Late Flowering Garden Perennials
Late Flowering Garden Perennials
Whether it’s because of drought, summer heat, heavy rain or just bad planning, it can be a challenge to keep gardens looking colourful into the autumn!In a few weeks’ time we’ll have plenty of colour from berries and the rich colour of autumn leaves.
Most gardens suffer from the impulsive spring flower syndrome. You know what I mean; everything looks fantastic with wonderful flowering cherries, forsythia, magnolias, tulips and all those things that plant retailers tempt you with!
This is as a result of your first visit to the garden centre after the end of a dreary winter and who could blame you?
We are suckers for buying plants that are in flower!
Most visits to the garden centre are made in spring and it comes as no surprise that we have filled our gardens with spring flowering plants. These can look decidedly dull by September.
So which late flowering perennial plants will fill that gap before the autumn flowering plants kick in?
Well it’s too early for most Michaelmas Daisies and the vast majority, but not all, are far too prone to powdery mildew to find a place in my garden.
However, there are a few that resist this oh-so-difficult disease to control.
Varieties of Aster x frikartii top that list! Look out for the one called Monch which, although not as tall as some, just keeps on blooming!
Later on the Aster novae angliae [New English] selections will bloom and have great mildew resistance too!
In fact lots of daisy-like garden perennials are in flower now and most are easy to grow.
Perennial Rudbeckia, Helianthus and Echinacea are great performing late flowering garden perennials to fill the colour gap now. These look lovely when planted with ornamental grasses.
Red Hot Pokers
Of course some late flowering garden perennials even have grass-like leaves but produce showy blooms too!
Most red hot pokers (Kniphofia) are in flower now and some have been flowering for weeks. These are un-demanding low maintenance plants to grow and now available in a far greater range of colours than just red.
I am particularly impressed by a group of new varieties from the USA. These are called the ‘Popsicle Series’. Although not particularly fussy where you grow them, they do prefer good drainage and full sun.
Ice Plants (Sedum) thrive in similar conditions and soon they will be opening their dense clusters of tiny flowers to welcome masses of butterflies and bees.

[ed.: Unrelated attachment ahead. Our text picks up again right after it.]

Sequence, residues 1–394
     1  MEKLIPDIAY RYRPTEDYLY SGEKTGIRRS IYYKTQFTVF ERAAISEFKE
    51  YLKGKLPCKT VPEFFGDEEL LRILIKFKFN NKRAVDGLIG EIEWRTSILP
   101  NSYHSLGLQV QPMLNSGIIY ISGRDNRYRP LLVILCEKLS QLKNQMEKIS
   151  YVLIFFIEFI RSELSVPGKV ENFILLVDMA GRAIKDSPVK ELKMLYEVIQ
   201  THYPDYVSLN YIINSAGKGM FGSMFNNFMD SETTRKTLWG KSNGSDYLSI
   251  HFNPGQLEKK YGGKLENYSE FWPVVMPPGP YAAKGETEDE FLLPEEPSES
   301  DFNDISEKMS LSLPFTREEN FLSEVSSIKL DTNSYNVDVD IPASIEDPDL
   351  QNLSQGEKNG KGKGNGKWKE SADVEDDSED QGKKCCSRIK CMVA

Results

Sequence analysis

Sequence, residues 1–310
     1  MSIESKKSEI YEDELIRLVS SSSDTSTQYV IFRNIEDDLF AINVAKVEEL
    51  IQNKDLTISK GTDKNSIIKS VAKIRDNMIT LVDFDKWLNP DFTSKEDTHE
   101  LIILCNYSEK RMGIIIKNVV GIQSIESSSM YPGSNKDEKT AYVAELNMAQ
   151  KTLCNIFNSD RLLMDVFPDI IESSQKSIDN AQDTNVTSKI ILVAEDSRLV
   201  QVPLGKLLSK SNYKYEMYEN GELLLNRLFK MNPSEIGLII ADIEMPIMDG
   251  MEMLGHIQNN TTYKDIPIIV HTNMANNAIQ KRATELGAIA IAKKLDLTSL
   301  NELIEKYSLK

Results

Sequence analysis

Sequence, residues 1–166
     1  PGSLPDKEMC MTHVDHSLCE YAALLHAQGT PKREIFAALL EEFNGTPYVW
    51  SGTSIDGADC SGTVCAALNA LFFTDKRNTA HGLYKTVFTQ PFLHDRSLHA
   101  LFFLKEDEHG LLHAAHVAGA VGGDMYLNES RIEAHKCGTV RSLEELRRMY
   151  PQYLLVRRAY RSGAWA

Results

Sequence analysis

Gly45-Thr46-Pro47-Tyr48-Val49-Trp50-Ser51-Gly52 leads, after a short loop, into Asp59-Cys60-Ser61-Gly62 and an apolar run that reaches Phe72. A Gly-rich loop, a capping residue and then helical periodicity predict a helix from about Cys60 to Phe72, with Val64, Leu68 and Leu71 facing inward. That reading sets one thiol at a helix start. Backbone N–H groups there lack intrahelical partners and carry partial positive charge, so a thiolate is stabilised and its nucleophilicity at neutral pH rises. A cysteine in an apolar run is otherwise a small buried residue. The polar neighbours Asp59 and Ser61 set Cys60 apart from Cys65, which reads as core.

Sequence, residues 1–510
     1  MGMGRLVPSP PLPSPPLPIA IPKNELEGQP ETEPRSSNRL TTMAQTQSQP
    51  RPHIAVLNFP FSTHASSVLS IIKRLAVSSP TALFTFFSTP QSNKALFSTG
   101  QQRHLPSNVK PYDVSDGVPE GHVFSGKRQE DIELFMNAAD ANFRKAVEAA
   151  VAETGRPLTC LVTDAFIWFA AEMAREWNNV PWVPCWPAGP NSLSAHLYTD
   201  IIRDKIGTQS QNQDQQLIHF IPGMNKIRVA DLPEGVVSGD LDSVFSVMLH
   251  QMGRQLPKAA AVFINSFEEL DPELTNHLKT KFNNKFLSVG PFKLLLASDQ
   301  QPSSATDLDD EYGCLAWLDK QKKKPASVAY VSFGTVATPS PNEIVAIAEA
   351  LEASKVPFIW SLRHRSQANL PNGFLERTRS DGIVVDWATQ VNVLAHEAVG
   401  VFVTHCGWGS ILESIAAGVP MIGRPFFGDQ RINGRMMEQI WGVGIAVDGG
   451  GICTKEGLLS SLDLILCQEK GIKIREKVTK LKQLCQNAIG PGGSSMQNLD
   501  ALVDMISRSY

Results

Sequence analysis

These are just so very easy to grow provided that you lift them every two or three years and divide the dense clumps up to replant them. If you do this, don’t forget to throw away the centre of the clump and keep those younger bits from around the edge since these will be better performers for you.
Gaura may not be a name that you are familiar with but this is another great late performer. ‘Rosy Jane’ is my favourite and has been flowering for several months already and will continue to bloom for weeks yet!
Don’t Forget the Dahlia!
A major player in the colour stakes this month is of course the Dahlia! With such variety of bloom
shapes and a kaleidoscope of colours this is a “must have” for this month. I’m especially fond of the single flowered varieties and I’m not alone as the bees like them too!
Dahlias are at their very best at this time of the year. Read more about them here.
Late Flowering Perennials for Shade
But what about plants for those damper and shadier spots I hear you say?
Montbretia- now more correctly called Crocosmia- will flourish and give fresh vibrant colour where earlier damp lovers are fading.
Newer varieties are such an improvement on the old weedy Crocosmia masonorum that has, in some places, become a menace when fly-tipped onto waste ground and roadsides.
Schizostylis- now more correctly called Hesperanthera – is beginning to bud up. This waits all summer to bloom in autumn. The flowers are reminiscent of gladioli and are either red, pink and, if you’re lucky enough to find it, white!
These will tolerate really wet conditions and is sometimes seen growing in shallow water.
Japanese anemone, although often invasive, produce a great show of colour this month!
Unless you have space to spare, look for the more compact varieties such as ‘Honorine Joubert’, ‘Pamina’ and ‘Whirlwind’.
Newer varieties that are causing a lot of excitement are the much earlier and longer flowering. The introduction of ‘Wild Swan’ a few years ago was a game changer. However ‘Dreaming Swan’ and ‘Ruffled Swan’ are even better!
There are many more varieties at their best at this time of year but in spring you wouldn’t give them a second look. Given a thorough watering before and after planting there is no reason why you can’t plant these now.
It will ensure that your garden avoids that past its best look now and every September!
What plants perform well for you in late summer?
Many gardens have borders devoted to late summer and autumn. A curved one at Bristol Zoo Gardens in Bristol is usually very impressive.